Leaving our historical footprints for tomorrows generation
Updated: Oct 29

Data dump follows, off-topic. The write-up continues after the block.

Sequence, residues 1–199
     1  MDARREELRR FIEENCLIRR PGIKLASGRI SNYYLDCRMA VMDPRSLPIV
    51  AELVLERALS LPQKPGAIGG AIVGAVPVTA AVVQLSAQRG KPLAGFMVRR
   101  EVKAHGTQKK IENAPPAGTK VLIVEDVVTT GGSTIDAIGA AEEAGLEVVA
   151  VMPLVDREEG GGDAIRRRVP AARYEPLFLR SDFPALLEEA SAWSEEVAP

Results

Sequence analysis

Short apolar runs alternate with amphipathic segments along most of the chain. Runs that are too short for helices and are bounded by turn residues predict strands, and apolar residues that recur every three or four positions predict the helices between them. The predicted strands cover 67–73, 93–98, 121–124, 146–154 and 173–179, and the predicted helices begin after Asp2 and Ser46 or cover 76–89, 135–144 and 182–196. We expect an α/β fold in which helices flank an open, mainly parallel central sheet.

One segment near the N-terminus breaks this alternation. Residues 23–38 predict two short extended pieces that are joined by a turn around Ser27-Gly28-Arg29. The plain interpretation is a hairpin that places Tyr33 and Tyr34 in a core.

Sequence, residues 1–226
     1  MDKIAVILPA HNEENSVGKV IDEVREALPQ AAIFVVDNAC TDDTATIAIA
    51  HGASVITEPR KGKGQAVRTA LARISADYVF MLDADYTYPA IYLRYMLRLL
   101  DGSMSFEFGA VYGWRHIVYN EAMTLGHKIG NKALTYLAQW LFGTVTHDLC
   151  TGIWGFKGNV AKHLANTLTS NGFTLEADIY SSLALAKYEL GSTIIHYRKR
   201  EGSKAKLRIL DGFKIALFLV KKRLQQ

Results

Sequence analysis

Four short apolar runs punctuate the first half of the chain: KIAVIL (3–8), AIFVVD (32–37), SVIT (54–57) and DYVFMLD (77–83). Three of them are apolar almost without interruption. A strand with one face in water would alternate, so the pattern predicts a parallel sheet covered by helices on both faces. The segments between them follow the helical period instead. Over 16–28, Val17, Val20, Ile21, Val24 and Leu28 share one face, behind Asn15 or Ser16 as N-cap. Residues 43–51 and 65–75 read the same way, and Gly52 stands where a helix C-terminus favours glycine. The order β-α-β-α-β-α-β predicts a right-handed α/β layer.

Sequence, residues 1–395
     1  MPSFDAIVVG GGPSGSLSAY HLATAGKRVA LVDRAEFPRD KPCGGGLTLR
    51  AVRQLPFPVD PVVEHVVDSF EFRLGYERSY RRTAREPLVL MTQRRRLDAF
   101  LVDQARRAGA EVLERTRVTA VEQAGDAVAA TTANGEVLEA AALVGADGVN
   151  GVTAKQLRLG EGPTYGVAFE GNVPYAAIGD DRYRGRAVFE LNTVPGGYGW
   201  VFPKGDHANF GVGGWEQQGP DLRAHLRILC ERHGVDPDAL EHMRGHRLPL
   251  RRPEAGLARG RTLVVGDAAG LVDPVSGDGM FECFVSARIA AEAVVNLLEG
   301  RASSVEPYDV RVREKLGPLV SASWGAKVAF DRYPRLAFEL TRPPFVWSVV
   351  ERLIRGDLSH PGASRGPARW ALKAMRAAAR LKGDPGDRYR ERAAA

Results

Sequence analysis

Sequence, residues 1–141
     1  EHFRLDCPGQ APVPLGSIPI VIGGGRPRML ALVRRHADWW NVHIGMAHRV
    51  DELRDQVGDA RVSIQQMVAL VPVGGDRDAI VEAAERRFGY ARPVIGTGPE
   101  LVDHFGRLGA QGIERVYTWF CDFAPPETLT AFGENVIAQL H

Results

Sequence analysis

When I last moved house it made me think about the good memories and of course, some not so good. 22 years was a long time in one house - a quarter of the average life. Yet in the reaches of history, it isn't even a pin prick. The 1901 Census reveals that Alice King aged 31, lived in my house with her 2 daughters, Doris W, aged 6 and Gladys R, aged 4. Although Mrs King is described as married, there is no record of her husband. Where could he have been I wonder? Mrs King was a shoe maker which was not surprising for Leicester given it was one of the main trades in the city. How would the house have looked then? What memories would they have to look back on? Wouldn't it be good to know how others have lived in the same space as you? As future generations look back and research their family trees to what extent will they be able to find our modern-day footprints? While in my current house I've filled in 3 census forms. With digital indexing and storage of this information you would think this data will be readily available to our ancestors. How many people though have moved around between census returns, been missed and so the trail for future family historians will run cold? Even with the age of computers, how much information will be kept? Photos for example, now digital, allows us to take so many and we store loads on our computers and CDs. How many of these will make it into the hands of our ancestors, or in this throw away age, will the digital photos get lost as laptops or mobile phones break, and online accounts get closed? Data protection laws require data to be discarded when no longer required. Our historical footprints could be less than you think. I have this theory that although we live in the information age - it is an information age for today and not for tomorrow. Our digital footprint today is huge, but in reality, will it be short lived? Only time will tell - and no doubt I won’t be here to find out.